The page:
Wikia

Psychology Wiki

Stanley Greenspan

Talk0
34,117pages on
this wiki
Revision as of 13:21, March 10, 2012 by 71.191.39.5 (Talk)

(diff) ← Older revision | Latest revision (diff) | Newer revision → (diff)

Assessment | Biopsychology | Comparative | Cognitive | Developmental | Language | Individual differences | Personality | Philosophy | Social |
Methods | Statistics | Clinical | Educational | Industrial | Professional items | World psychology |

Clinical: Approaches · Group therapy · Techniques · Types of problem · Areas of specialism · Taxonomies · Therapeutic issues · Modes of delivery · Model translation project · Personal experiences ·


Stanley Greenspan (1941-2010) was an American child and adult psychiatrist and psychoanalyst who was a Clinical Professor at George Washington University Medical School. He lived in Bethesda, Maryland.

In 1962 he earned a A.B at Harvard University, and four years later graduated from the Yale Medical School. In 1975, he became a founder of the Zero to Three Foundation, the national centre for children and families, and was president of that foundation until 1984. Other work for the organisation included being Chairman of the Diagnostic Classification Committee from 1988 to 1996.

Beginning in 1975 he wrote four monographs and 40 books including The Course of Life: Psychoanalytic Contributions to Understanding Personality Development with G H Pollock in 1980, with an update in 1989-90. He has also created two videos including Exploring First Feelings, which is an introduction to his orientation into social-emotional development. Both in the popular press and in peer-reviewed articles, he has written about a wide variety of subjects that affect child and human development.

Developmental Individual Difference Relationship Model/Floortime Edit

In the 1980s Greenspan built upon research in social-emotional development to create a theoretical model and intervention for children with deficits in relating and communicating. This method is known as the Developmental Individual Difference Relationship Model or more popularly as the DIR Model. The specific therapeutic technique also developed by Greenspan is known as Floortime.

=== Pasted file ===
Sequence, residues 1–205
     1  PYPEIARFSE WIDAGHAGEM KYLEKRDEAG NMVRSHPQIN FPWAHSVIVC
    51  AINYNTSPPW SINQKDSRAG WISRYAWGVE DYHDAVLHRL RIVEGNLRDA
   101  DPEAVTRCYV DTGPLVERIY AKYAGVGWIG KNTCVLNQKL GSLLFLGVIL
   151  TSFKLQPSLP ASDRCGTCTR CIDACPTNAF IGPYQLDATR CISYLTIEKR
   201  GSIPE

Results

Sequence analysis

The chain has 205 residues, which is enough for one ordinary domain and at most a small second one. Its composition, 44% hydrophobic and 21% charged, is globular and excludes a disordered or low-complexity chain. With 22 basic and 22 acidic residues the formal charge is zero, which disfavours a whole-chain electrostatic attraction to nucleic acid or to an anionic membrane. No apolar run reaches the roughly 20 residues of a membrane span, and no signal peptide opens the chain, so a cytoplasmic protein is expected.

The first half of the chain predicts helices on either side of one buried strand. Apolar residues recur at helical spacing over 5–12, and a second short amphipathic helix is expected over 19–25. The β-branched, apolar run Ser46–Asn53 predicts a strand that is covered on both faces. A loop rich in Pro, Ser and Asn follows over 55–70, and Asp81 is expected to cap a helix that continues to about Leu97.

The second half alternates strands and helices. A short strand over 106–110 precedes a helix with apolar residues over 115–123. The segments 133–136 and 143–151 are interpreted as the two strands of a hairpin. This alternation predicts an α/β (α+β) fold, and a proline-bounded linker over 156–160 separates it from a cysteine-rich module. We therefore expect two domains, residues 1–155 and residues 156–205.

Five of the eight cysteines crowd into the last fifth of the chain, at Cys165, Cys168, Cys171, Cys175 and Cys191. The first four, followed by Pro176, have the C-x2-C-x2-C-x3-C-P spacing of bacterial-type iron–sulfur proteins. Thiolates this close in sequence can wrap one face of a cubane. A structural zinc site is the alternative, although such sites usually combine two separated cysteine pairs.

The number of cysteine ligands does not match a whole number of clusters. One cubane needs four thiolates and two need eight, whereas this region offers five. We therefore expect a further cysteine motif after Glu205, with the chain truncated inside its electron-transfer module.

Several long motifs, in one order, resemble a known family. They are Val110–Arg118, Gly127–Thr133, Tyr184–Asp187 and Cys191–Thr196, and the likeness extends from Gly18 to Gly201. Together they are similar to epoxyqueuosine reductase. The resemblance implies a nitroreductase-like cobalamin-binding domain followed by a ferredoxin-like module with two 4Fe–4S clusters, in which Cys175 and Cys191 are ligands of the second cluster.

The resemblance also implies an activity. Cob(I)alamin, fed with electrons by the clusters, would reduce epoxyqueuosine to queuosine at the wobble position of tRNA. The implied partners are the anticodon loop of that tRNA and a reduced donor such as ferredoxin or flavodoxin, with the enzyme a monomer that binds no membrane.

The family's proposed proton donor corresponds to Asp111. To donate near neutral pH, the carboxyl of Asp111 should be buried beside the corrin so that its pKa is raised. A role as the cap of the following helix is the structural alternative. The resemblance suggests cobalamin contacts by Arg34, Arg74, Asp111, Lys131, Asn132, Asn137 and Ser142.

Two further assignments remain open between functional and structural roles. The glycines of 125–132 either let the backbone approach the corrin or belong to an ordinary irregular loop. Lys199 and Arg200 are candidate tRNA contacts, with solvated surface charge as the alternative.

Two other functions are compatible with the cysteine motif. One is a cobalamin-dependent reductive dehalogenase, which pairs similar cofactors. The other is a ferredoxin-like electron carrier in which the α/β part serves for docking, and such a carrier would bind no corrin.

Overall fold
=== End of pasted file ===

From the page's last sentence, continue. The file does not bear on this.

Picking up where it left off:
The basic premise of the model and the intervention is that children learn skills from the relationships which they have with their caregivers and other people significant in their lives. Greenspan first set down his nine stages of development in 1979 in the monograph, Intelligence and Adaptation. From this he developed Floortime, which was in part developed in response to the needs of the increasing population diagnosed with disorders on the Autistic Spectrum, who were then being either served by behavioural methods or cognitive skills, and other impairments of development and learning.

Greenspan's theory of development is that children grow, from birth to 4 years, in 6 different milestones:

  • Milestone 1: Self-Regulation
  • Milestone 2: Intimacy
  • Milestone 3: Two-Way Communication
  • Milestone 4: Problem-Solving
  • Milestone 5: Emotional Ideas
  • Milestone 6: Emotional Thinking

The advanced levels of thinking--multi-causal, grey area, and reflective--follow, with reflective thinking being a life long endeavor.

Greenspan wrote about this model in dozens of books. In The First Idea, together with co-author Stuart Shanker, he expanded his ideas to describe how symbols, language and intelligence evolved. Greenspan's last book The Learning Tree (co-authored with Nancy Thorndike Greenspan) describes The DIR Model, Floortime, and the development of the sensory processing system (individual differences) at each milestone.

His focus on individual differences is meditated through the sensory system and the motor system.

His focus on relationships means that the parents work with the child directly on creating an emotional relationship.

See alsoEdit

BooksEdit

  • The First Idea: How Symbols, Language, and Intelligence Evolved from our Primate Ancestors to Modern Humans by Stanley I. Greenspan, Stuart G. Shanker (2004)
Advertisement | Your ad here

Around Wikia's network

Random Wiki